As a real estate lawyer (and corporate|commercial lawyer, we seem to deal with obstacles every day.
• We get the bank to advance a loan by making sure funding conditions are met.
• We finalize a contract by negotiating terms with a party having opposite interests.
• We close a real estate transaction after dealing with title or survey issues.
These conditions, personal interests, and contract issues are obstacles to getting something done. Lawyers expect this of course– it’s the very definition of what lawyers do. As with any task or career, as we deal with it everyday, the job seems less and less onerous. Less scary. And we get better at dealing with the task. But if you’re like me, in all other areas of life, you want to avoid obstacles at all costs. I’ve learned that isn’t healthy or practical. Why?
"But if you’re like me . . . you want to avoid obstacles at all costs. I’ve learned that isn’t healthy or practical."
Here are three reasons:
1. Obstacles always exact a price – but always deliver a reward. The little ones (the person ordering specialty drinks for the whole office slipping ahead of you in the Starbucks line) might just result in lost time – but give you in exchange a lesson in patience. The larger ones (bankruptcy, unemployment, rogue business partners), may require courage, counsel, or forgiveness – but will result in renewed strength, wisdom and peace. This isn’t a new concept. Consider these statements:
“All the adversity I've had in my life, all my troubles and obstacles, have strengthened me... You may not realize it when it happens, but a kick in the teeth may be the best thing in the world for you.” - Walt Disney
“When troubles of any kind come your way, consider it an opportunity for great joy. For you know that when your faith is tested, your endurance has a chance to grow. So let it grow, for when your endurance is fully developed, you will be perfect and complete, needing nothing.” – from the Epistle of James (NLT)
2. Obstacles might mean you’re doing the right thing. Theodore Roosevelt said, ““The only man who never makes mistakes is the man who never does anything.” If you want to accomplish nothing in life, avoid obstacles and trials and anything difficult. Business coach and publishing executive Michael Hyatt has said, “Every vision ultimately encounters opposition. If it doesn’t, it probably means the vision isn’t big enough.” And C.S. Lewis stated, “Hardship often prepares an ordinary person for an extraordinary destiny.”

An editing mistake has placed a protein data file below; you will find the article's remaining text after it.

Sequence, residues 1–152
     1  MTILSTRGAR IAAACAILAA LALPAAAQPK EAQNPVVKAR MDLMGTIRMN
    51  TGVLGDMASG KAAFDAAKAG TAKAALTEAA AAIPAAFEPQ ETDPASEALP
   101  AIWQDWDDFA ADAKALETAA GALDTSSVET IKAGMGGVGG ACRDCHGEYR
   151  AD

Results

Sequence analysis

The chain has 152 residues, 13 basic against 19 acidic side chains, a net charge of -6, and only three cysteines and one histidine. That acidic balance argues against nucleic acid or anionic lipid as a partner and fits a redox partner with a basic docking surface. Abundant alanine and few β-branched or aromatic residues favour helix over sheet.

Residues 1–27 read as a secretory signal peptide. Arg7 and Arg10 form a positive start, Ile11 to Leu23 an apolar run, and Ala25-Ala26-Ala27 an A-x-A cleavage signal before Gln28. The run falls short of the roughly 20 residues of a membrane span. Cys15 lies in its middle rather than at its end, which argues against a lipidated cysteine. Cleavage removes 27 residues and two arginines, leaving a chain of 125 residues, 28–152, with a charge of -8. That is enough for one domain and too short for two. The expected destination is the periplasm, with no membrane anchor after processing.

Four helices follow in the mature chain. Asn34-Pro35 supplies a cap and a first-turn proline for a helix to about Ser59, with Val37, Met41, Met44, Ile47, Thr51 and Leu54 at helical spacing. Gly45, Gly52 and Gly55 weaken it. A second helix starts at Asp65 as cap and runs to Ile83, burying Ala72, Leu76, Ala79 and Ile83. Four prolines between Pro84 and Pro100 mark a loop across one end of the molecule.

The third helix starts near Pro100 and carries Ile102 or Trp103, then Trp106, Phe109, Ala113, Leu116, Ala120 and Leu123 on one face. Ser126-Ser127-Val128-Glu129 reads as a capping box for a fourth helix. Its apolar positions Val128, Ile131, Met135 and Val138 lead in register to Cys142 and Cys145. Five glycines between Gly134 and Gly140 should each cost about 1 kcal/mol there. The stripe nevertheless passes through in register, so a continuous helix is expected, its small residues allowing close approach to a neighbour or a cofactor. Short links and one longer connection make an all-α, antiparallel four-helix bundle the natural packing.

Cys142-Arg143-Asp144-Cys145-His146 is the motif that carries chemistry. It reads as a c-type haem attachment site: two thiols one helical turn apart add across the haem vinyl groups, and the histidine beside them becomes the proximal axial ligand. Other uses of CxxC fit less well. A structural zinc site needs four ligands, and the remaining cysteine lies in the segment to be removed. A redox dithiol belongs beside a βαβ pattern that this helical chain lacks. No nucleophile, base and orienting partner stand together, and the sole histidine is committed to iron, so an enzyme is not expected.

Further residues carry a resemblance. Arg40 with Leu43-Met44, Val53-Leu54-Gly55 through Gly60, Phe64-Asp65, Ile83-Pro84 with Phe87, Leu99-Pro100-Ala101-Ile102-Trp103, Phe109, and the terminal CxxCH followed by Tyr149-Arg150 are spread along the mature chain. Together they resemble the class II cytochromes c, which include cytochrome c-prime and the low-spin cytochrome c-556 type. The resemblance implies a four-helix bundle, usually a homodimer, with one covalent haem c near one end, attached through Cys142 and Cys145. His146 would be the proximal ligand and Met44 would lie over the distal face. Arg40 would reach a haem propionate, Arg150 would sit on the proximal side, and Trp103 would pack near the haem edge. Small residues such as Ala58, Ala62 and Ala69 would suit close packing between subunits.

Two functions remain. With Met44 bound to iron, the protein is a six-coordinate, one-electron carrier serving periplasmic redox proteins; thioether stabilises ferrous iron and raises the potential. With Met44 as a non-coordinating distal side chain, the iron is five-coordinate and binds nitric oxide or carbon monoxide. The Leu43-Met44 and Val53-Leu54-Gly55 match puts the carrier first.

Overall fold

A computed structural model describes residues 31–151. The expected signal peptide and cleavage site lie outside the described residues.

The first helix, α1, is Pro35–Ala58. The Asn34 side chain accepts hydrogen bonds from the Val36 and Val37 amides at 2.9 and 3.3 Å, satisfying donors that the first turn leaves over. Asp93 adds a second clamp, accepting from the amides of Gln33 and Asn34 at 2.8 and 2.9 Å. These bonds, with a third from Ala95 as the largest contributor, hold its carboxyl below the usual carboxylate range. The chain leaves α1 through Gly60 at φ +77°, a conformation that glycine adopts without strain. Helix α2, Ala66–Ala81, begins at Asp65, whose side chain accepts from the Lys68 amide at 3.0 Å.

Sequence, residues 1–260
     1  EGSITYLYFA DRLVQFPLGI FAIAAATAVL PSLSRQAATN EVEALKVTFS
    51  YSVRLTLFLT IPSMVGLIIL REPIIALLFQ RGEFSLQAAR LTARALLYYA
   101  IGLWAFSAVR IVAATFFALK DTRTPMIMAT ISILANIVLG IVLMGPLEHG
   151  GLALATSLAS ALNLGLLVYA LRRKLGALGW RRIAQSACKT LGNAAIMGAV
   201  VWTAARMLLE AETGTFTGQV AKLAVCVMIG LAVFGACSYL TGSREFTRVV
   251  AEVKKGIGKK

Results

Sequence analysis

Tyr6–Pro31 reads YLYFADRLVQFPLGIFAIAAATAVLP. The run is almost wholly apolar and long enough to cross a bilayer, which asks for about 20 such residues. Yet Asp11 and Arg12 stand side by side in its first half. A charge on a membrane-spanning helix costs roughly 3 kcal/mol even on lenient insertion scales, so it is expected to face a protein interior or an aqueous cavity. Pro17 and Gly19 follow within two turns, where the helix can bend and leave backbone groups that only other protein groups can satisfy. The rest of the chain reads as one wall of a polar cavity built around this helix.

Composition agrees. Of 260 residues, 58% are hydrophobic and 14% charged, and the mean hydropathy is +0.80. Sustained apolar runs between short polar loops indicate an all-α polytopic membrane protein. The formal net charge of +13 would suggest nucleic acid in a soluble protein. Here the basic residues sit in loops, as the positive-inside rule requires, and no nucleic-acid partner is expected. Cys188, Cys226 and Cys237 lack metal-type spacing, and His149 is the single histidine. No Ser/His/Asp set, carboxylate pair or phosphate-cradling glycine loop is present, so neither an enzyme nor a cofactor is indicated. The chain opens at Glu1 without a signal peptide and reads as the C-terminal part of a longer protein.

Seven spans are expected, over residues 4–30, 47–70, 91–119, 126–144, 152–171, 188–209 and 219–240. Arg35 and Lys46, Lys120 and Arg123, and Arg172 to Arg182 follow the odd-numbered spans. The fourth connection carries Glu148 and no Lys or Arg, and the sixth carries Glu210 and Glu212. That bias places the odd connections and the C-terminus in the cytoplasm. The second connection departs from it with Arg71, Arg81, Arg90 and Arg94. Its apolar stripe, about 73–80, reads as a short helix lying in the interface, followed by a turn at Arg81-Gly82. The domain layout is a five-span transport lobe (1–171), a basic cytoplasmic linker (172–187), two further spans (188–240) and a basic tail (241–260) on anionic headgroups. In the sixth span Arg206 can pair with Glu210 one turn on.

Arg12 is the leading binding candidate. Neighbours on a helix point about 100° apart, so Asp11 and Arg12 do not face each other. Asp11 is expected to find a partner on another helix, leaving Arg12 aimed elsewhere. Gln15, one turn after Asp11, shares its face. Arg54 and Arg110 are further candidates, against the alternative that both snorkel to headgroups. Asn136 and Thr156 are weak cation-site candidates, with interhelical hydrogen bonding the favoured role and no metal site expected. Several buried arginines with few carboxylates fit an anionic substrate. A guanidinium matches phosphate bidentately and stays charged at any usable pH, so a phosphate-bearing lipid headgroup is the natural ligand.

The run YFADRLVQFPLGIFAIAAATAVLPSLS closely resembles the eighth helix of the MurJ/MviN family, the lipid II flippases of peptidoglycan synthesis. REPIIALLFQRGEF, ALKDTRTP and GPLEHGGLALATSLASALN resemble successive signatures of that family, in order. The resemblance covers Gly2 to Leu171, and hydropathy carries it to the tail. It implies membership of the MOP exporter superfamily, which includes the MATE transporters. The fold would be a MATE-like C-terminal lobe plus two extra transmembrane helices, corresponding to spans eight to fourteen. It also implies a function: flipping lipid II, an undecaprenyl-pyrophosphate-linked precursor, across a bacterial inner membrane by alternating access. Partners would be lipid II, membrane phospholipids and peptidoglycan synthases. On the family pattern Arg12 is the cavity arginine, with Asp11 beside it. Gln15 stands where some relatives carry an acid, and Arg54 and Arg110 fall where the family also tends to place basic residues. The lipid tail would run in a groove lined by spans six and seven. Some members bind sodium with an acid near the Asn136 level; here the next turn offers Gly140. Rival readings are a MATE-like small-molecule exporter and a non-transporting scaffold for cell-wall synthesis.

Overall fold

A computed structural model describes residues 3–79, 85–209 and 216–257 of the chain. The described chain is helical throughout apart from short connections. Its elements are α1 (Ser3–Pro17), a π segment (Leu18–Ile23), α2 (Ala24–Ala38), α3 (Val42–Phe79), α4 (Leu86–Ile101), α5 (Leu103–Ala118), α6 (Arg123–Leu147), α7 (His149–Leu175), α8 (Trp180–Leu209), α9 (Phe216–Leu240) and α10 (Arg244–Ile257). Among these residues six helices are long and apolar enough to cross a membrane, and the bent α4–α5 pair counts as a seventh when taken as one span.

3. Obstacles give you great stories to tell – and lessons to teach. How many stories have you told about going to the corner store, buying a loaf of bread, paying for it, and coming home? Exactly none. Why? There’s nothing there to tell. All went well. No excitement. Nothing learned. But how many movies were made and legends born from the incredible Apollo space mission? President Kennedy actually gloated about the difficulties and trials that needed to be overcome in his famous 1961 speech:
“I believe this Nation should commit itself to achieving the goal, before this decade is out, of landing a man on the moon and returning him safely to earth. No single space project in this period will be more impressive to mankind, or more important for the long-range exploration of space; and none will be so difficult or expensive to accomplish” (italics added).
In a law office, we often find ourselves saying to each other that we’d like just one ‘normal real estate’ closing this month. Meaning of course, we thirst for an easy, un-eventful file. Of course we do. We’re human. We want things easy. But when I look back on 20+ years of legal experience, I can say with certainty, that I grew more as a person, learned the best lessons, and relish telling the stories about, those monster-in-the-closet deals that made my insides mush and my head spin. I didn’t like them at the time of course. And I still don’t actively seek such files (indeed, I’ve created systems and processes to minimize them – hence the great lessons learned). But when I remind myself of these three core truths, it sure does help when a file goes sidewise.
Originally published in the REIN Real Estate Report